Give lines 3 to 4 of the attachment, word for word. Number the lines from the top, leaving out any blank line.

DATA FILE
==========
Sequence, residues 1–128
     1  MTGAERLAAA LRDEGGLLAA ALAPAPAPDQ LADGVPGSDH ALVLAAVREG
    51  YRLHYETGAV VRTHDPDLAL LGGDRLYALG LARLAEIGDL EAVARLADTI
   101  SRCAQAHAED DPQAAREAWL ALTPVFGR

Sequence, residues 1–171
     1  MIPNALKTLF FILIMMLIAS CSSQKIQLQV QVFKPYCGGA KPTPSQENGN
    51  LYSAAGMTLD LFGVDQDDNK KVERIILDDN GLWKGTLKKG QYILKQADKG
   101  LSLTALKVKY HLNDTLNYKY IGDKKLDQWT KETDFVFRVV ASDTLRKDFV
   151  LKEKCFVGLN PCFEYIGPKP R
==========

    51  YRLHYETGAV VRTHDPDLAL LGGDRLYALG LARLAEIGDL EAVARLADTI
   101  SRCAQAHAED DPQAAREAWL ALTPVFGR